Harvard University Dining Services’ (HUDS) Food Literacy Project Fellows learn about the food system, leadership, event design and much more. FLP Fellows plan projects and events that help educate and engage our community and connect food-related initiatives and projects across the University. FLP Fellows also share information with their House/class and act as the go-to source for food education in their house. Every undergraduate house/dining hall has at least one fellow, and two graduate schools (GSAS, HSPH) also participate.
HUDS has more than 15 Food Literacy Project (FLP) Fellows – young men and women from a range of backgrounds and with an array of perspectives and interests when it comes to food.
Meet some of them:
Julia Bunte-Mein, '20
Leverett House Fellow
"I am a sophomore in Leverett House from Greenwich, Connecticut, prospectively concentrating in Social Studies with a secondary field in Social Anthropology or Energy and the Environment. I love learning about food because of the limitless ways it affects our lives - from the lens of sustainability, culture and traditions, health and nutrition, and social bonding. I served as a FLP Fellow my Freshman year and loved the opportunities I was able to provide and participate in on and off campus. I am excited to plan more fun events and meet other students who also care about sustainability and food!"
Jessica Carbone, Doctoral Candidate in American Studies
Dudley House Fellow
I am a doctoral candidate in the American Studies program, where my focus is on food history and culture, and where I am pursuing research on immigrant foodways in rural America in the 19th and 20th century. I come back to my Boston hometown with a decade of working in the "food world," first as a cookbook editor and then as a food history researcher and public program developer. My DIY-food education has included front and back-of-house work in restaurants and supper clubs, volunteering with my neighborhood CSA, and reading and cooking from every food-focused book I can get my hands on.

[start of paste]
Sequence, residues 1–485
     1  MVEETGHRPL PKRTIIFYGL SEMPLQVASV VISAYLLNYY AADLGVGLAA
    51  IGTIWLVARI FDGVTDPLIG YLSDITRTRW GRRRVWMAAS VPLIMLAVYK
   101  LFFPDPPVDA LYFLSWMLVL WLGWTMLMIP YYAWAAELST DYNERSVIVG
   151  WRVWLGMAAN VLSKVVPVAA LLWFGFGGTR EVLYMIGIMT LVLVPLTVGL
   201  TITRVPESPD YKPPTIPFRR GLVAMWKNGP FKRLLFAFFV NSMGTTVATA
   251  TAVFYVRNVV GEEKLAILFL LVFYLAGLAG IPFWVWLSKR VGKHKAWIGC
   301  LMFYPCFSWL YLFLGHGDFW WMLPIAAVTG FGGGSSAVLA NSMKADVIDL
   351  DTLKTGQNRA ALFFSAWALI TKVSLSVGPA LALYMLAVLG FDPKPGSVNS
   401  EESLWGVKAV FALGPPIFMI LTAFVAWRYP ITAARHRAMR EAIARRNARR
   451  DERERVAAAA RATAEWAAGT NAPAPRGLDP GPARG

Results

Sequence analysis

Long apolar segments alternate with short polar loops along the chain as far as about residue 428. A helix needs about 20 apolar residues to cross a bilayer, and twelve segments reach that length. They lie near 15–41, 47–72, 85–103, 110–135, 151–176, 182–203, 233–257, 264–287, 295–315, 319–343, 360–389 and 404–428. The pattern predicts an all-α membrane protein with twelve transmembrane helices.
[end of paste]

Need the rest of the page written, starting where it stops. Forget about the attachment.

Emma Clerx, '19
Quincy House Fellow
I am a sophomore in Quincy House from Seekonk, Massachusetts, prospectively concentrating in Human Evolutionary Biology with a citation in Spanish. I grew up participating in 4-H on a local farm where I first learned a great deal about agriculture and many other aspects of our world's intricate food system. I also became very interested in nutrition following my diagnosis with celiac disease eight years ago, and necessary shift to a gluten-free diet. I am excited to continue working with FLP to learn more about our fascinating food system, and share this knowledge with fellow students and the broader community.